Many reproductive disorders and diseases may occur in male dogs. Some of the most common disorders are explained here.
When the testicles have not descended into the scrotum, it is referred to as cryptorchidism. It is a common developmental defect in dogs. In most cases, it is a genetic trait inherited from one parent or the other. When both the testicles have not descended, it results in infertility. However, the dog may display mating behavior because of the sex hormones produced by testicles that remain within the pelvic region. When only one of the testicles is not descended, it is referred to as unilateral cryptorchidism. Dogs with this condition are usually fertile because of the sperms produced by the descended testicle. However, they should not be allowed to breed, as they can pass on this hereditary trait to their offspring.
Cryptorchidism is found in all dog breeds, but miniature breeds such as Dachshunds, Pekingese, Miniature Schnauzer, Pomeranian, Maltese, Shetland sheepdog, English bulldog, Boxer, Chihuahua, and miniature Poodles are the most affected. Since cryptorchidism is associated with testicular cancer, it is recommended that dogs found to be having this abnormality be neutered.
Inflammation of the Testes and Epididymis
The testis and epididymis of the dogs may get inflamed due to infections or injuries. Swelling of the scrotum, testes, or epididymides, accompanied by pain is the main symptom of the inflammation. The scrotum may have abnormalities such as lesions or wounds too. A physical examination, followed by laboratory tests and ultrasound scans, may help detect the disease. Cold packs are applied to the scrotum to reduce the damage to the testicles caused by the inflammation. If the cause is identified, treatment may be possible. Bacterial infections can be treated with antibiotic drugs. Autoimmune diseases may also cause inflammation of the testis and epididymis. In such cases, the dogs may be treated with immuno-suppressant drugs. Castration is the best option if inflammations occur frequently, especially if the dog is not reared for breeding.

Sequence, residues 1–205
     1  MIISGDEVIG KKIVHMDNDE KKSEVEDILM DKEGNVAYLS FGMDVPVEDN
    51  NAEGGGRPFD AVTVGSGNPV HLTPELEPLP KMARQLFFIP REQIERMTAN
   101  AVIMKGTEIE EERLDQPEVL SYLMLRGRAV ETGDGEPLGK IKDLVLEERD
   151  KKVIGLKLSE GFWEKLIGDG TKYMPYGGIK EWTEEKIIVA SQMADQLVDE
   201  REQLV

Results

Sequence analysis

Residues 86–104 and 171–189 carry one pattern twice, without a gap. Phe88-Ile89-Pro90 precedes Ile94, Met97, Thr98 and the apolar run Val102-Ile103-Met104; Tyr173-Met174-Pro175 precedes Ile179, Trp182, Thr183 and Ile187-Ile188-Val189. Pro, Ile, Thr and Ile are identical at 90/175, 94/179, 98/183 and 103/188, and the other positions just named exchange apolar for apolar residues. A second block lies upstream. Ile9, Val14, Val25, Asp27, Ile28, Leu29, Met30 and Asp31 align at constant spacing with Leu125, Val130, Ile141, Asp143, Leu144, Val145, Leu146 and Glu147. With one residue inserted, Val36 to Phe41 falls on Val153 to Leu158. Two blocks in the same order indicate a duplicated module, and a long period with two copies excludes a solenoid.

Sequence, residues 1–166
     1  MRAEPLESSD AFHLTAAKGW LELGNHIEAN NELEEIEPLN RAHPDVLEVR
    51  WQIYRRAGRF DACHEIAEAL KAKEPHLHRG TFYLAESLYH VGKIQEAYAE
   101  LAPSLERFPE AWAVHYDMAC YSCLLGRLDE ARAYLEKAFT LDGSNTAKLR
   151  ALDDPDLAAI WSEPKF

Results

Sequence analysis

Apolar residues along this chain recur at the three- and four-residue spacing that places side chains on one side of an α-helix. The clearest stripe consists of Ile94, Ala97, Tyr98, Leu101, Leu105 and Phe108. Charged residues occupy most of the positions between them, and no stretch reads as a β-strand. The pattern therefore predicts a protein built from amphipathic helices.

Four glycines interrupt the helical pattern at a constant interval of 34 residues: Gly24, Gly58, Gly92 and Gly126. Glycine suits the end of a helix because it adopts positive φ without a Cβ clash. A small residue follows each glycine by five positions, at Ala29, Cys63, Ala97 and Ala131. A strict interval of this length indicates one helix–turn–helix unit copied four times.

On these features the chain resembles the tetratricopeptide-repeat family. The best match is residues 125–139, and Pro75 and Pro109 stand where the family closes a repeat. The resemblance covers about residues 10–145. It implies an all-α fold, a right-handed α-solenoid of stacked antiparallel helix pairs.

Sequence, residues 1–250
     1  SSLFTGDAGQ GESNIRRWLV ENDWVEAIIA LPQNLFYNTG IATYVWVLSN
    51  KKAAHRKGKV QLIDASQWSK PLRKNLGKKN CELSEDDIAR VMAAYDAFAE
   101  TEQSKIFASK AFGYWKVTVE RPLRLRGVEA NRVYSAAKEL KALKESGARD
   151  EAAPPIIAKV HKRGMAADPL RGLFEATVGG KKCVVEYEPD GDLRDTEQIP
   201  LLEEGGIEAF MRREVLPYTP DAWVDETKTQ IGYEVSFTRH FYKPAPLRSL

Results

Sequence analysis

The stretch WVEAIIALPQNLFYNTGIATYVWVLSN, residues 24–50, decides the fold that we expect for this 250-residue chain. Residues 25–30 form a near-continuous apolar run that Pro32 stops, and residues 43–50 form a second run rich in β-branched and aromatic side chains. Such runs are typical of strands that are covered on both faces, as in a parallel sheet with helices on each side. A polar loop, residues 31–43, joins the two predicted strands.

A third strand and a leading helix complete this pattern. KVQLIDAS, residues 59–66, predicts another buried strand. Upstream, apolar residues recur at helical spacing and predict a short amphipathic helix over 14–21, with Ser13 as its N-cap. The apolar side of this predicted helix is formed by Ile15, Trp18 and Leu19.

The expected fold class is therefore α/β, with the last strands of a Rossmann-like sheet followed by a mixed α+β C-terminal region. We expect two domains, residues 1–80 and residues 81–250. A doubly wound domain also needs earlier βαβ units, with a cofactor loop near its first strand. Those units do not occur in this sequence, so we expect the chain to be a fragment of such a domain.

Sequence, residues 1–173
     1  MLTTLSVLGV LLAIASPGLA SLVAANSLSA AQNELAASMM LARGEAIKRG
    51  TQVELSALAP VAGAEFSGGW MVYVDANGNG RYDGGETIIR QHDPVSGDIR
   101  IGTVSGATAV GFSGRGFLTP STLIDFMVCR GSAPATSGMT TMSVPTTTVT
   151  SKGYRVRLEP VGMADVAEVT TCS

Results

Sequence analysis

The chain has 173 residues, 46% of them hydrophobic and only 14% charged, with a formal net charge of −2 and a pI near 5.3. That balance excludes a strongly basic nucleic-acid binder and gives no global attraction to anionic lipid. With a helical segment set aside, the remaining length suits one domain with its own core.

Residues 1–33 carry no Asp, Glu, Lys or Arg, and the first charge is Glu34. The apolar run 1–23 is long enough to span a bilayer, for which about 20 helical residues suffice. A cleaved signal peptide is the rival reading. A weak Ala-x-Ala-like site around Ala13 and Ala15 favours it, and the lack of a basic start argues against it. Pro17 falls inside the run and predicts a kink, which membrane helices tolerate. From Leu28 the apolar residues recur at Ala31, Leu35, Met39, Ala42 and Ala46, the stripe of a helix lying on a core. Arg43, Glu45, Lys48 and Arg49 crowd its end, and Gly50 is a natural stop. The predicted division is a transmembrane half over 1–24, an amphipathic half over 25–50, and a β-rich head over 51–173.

Chronic inflammation of the testis and the epididymis often occurs after frequent short-term inflammations. In some cases, the testes may not be involved. Other than infertility, this long-term inflammation may not display any symptoms. The testes may become soft and reduced in size. This condition may result from exposure to high heat, cold, pressure or toxic substances too, besides the effect of hormones. Castration is considered whenever feasible.
Inflammation of the Penis and Prepuce (Balanoposthitis)
Inflammation of the penis and the prepuce, (the skin that normally covers the penis when it is retracted), is referred to as balanoposthitis. Most sexually active adult dogs may have mild forms of this inflammatory condition, but they may not require any specific treatment. Severe forms of balanoposthitis may be caused by trauma, allergies, bacterial infection or foreign bodies. Dogs with an abnormal condition called phimosis, in which the penis is restricted by the prepuce, may develop balanoposthitis as well.
Draining of a yellow-green discharge from the penis is a common symptom. Pain and swelling are rare, but if they are present, it indicates the presence of a foreign body or some trauma that has occurred. A physical examination followed by lab tests helps confirm the disease. If bacterial infections are present, antibiotic treatment is initiated. Otherwise, the preputial cavity is flushed with a saline solution or an antiseptic. The hair from around the preputial opening is clipped short too. Neutering the dog is an option.
When the dog is unable retract its penis back into the preputial cavity after an erection, it is referred to as paraphimosis. It often occurs after the dog breeds or when it has been subjected to the collection of sperm. The extended penis may get trapped by the tight skin around the preputial opening, cutting off blood supply. Sometimes a ring of hair or some traumatic injury suffered by the penis may be causing the constriction. Paraphimosis requires immediate medical intervention as the trapped penis may rapidly swell up and become painful. It may dry out too. Paraphimosis can be easily treated before the penis gets swollen by cleaning and lubricating the extended portion of the penis and gently guiding it back into the prepuce. When the blood circulation resumes, the swelling may subside.